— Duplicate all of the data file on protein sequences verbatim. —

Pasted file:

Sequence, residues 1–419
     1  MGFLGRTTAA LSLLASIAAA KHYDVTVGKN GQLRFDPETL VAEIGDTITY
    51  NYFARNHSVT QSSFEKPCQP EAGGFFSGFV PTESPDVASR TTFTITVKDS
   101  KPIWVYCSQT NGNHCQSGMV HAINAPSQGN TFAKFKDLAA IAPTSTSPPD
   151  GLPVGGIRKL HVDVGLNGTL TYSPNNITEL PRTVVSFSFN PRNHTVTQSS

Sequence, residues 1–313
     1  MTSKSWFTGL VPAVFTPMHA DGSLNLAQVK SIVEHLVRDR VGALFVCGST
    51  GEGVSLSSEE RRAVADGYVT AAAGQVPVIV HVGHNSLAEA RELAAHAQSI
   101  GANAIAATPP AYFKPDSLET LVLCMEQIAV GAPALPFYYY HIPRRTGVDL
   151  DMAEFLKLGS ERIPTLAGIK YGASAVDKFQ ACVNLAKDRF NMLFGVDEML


Sequence, residues 1–419
     1  MGFLGRTTAA LSLLASIAAA KHYDVTVGKN GQLRFDPETL VAEIGDTITY
    51  NYFARNHSVT QSSFEKPCQP EAGGFFSGFV PTESPDVASR TTFTITVKDS
   101  KPIWVYCSQT NGNHCQSGMV HAINAPSQGN TFAKFKDLAA IAPTSTSPPD
   151  GLPVGGIRKL HVDVGLNGTL TYSPNNITEL PRTVVSFSFN PRNHTVTQSS

Sequence, residues 1–313
     1  MTSKSWFTGL VPAVFTPMHA DGSLNLAQVK SIVEHLVRDR VGALFVCGST
    51  GEGVSLSSEE RRAVADGYVT AAAGQVPVIV HVGHNSLAEA RELAAHAQSI
   101  GANAIAATPP AYFKPDSLET LVLCMEQIAV GAPALPFYYY HIPRRTGVDL
   151  DMAEFLKLGS ERIPTLAGIK YGASAVDKFQ ACVNLAKDRF NMLFGVDEML